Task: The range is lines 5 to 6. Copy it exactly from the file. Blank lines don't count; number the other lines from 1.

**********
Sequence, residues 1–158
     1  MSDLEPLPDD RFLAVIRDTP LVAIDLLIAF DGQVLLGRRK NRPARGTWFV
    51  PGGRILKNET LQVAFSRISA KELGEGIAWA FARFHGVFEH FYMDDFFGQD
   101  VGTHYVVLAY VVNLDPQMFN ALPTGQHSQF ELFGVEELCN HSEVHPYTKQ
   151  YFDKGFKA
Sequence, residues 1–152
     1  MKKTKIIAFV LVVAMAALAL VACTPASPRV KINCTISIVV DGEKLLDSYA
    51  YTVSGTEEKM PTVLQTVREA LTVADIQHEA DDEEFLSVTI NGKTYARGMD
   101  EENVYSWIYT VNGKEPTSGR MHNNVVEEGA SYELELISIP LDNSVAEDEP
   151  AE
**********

   151  YFDKGFKA
Sequence, residues 1–152